After several hours of public testimony, the county's Integrated Waste Management Authority narrowly approved an ordinance intended to reduce consumer use of single-use plastic and paper bags.
On an 8-5 vote, the board passed the new rules that will ban many local retail stores from passing out free plastic carryout bags to customers and require stores to charge 10 cents for paper bags.
The issue sparked a surprising amount of controversy, drawing unprecedented crowds to the obscure governmental body tasked with overseeing waste management for the unincorporated areas of the county as well as each city. Members of the public spoke for more than 2 1/2 hours, with comments ranging from praise of the ordinance to condmenation of the board for infringing on civil liberties.
Some residents asked for stricter regulations, while others said the proposal should go out for a general vote. Board members were threatened with retribution at the polls, and officials from at least one city, Atascadero, have threatened to pull out of the IWMA over the issue. No one seems to yet know the ramifications of a city withdrawal.
Many opponents cited worries that reusable bags harbor dangerous bacteria, a point IWMA officials and many residents scoffed at as fear mongering.
Stephen Joseph of the Save the Plastic Bag Coalition, which has sued other municipalities for enacting simliar ordinances, called the reusable bags "filthy." Joseph has told the IWMA he intends to sue SLO County for its ordinance, which would account for the second lawsuit ever for the organization.
One IWMA member, John Hamon of the Paso Robles City Council, called for a "super vote." Though it's never been used before, a super vote is an obscure failsafe in the IWMA rules that requires at least eight members, rather than a simple majority, to vote in favor of an item for it to pass. Despite the last-minute attempt to sway the vote the other way, the IWMA board had enough votes to enact the ordinance, causing the packed house to break into racous applause in the early evening hours of Jan. 11.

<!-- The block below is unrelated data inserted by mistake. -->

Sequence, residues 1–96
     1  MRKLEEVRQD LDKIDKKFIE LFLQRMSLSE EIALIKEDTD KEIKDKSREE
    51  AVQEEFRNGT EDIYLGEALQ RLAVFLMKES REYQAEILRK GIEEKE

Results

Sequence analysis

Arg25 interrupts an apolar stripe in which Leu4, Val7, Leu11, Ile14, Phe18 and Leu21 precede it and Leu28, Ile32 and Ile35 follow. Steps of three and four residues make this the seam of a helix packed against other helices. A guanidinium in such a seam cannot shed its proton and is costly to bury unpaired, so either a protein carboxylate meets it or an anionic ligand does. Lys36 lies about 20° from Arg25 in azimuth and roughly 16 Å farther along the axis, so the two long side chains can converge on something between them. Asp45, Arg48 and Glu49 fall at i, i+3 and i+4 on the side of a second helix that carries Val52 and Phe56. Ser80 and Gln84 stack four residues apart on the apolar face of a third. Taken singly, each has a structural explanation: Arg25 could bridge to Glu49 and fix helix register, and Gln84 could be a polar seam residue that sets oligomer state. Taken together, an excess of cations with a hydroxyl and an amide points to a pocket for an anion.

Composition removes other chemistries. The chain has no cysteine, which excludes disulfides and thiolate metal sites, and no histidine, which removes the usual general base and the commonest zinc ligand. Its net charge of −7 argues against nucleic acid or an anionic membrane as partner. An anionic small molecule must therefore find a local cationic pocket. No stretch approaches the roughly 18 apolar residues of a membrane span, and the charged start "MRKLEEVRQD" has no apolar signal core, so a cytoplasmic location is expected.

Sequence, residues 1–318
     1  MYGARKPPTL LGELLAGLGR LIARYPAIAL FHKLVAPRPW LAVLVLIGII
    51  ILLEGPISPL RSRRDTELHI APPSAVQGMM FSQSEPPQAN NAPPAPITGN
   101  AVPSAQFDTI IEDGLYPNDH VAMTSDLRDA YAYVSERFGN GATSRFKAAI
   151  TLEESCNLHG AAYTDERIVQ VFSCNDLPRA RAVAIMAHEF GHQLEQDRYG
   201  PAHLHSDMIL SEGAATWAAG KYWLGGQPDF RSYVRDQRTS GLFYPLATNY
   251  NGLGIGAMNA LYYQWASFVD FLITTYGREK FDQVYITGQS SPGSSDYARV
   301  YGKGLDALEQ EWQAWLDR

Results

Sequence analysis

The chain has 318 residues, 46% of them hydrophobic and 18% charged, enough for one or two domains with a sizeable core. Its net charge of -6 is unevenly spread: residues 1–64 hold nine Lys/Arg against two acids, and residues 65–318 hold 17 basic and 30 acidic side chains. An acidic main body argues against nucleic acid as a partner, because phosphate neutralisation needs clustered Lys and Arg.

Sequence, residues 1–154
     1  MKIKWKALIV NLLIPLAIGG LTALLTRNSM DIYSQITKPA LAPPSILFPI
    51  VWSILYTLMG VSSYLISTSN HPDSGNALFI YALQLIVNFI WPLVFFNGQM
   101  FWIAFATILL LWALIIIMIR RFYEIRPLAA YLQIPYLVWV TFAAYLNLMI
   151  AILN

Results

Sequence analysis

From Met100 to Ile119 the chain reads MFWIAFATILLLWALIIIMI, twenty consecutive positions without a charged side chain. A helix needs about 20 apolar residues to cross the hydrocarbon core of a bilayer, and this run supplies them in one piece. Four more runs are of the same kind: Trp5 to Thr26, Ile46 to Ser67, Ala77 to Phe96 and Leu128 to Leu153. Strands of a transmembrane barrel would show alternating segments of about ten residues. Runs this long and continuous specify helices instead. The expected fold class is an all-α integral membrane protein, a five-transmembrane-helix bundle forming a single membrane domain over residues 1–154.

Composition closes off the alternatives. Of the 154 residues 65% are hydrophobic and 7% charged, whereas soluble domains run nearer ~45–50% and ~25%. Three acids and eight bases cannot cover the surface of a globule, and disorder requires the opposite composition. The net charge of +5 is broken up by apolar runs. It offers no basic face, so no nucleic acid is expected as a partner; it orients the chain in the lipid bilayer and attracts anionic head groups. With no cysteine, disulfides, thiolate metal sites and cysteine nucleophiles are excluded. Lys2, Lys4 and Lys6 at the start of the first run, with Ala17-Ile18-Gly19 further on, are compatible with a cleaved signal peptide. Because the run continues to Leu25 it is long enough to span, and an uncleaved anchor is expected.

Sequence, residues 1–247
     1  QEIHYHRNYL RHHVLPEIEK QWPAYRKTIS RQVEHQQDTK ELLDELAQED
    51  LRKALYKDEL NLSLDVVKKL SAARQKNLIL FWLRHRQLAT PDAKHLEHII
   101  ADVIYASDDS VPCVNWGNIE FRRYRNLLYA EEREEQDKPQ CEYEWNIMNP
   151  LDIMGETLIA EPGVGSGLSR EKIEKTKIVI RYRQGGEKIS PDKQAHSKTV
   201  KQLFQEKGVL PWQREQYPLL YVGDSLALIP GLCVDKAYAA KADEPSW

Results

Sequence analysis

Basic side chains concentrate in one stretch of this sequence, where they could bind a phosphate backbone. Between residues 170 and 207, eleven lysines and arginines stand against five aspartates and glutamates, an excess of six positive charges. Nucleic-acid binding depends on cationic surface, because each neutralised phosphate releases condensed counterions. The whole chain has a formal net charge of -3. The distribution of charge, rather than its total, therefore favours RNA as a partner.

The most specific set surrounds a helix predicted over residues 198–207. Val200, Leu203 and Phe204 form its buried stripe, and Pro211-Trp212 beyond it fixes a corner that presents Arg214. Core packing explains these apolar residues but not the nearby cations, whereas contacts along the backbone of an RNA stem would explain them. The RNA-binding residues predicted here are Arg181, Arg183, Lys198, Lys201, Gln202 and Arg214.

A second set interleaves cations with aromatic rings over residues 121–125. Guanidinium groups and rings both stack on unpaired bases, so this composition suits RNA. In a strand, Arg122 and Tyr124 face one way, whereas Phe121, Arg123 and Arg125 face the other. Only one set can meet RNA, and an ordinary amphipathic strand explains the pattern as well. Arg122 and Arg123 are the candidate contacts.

The rules of the ordinance are scheduled to go into effect Oct. 1. SLO County will join 15 other municipalities in the state that have enacted similar rules.
In the days before the final vote on San Luis Obispo County’s proposed ordinance to ban single-use shopping bags, the last-minute scramble wasn’t so much to solidify arguments or rally support. Instead, the biggest question on most minds was: What is the Environmental Safety Alliance, and who’s giving them money?
The short answer is that no one really knows anything about the group, and that’s probably the point. Three days before the County’s 13-member board of directors for the Integrated Waste Management Authority (IWMA) was set to make a final decision on the proposed ordinance, some residents found themselves on the receiving end of a robo-call “town hall meeting,” with two doctors claiming to be members of the Environmental Safety Alliance.
One of those people, Dr. Robert Johnson of Sacramento, holds a doctorate in musical history. He’s cited a study linking reusable bags to harmful bacteria as reason to be wary of any ordinance banning single-use bags. Johnson denied any coordination with the American Chemistry Council or other groups funded by plastic manufacturers that have popped up here and elsewhere to fight similar ordinances. The study he cites, Assessment of the Potential for Cross Contamination of Food Products by Reusable Shopping Bags, was funded by the American Chemistry Council.
Keep Bags Free SLO was perhaps most known as a local anti-bag-ban group. The Environmental Safety Alliance, however, is new, having formed just weeks after the IWMA tentatively voted in favor of a bag ban on Nov. 9, 2011. It’s so new, it has yet to receive an official nonprofit status or any recognition as a nonprofit corporation from the California Secretary of State. Yet the group, on its website, urged residents to contact their local legislators and listed four of the IWMA’s 13 members, most of whom could be considered swing votes in what was expected to be a close call come the Jan. 11 decision.
Johnson said he was the director of the Environmental Safety Alliance and declined to name other members on the group’s board of directors. He said the group’s focus on SLO County is coincidental, and he hasn’t coordinated with any local opponents of the proposed ordinance.
According to online records, the Environmental Safety Alliance website was registered by JC-Evans, Inc., a Sacramento-based media agency headed by Jeff Evans. Evans is a self-described “Feature Film Producer, certified Cinema Director and Line Producer,” and editor of the California Republican, according to his online bio. Neither Evans nor Scott MacLeod, vice president of development and marketing, returned numerous calls and texts seeking comment.
If the ordinance is passed, at least one group has threatened to sue. According to the IWMA, the Save the Plastic Bag Coalition has threatened litigation. The group has also sued Manhattan Beach and Marin County for their bag ordinances.
For the full version of this story, including results of the vote, go to newtimesslo.com.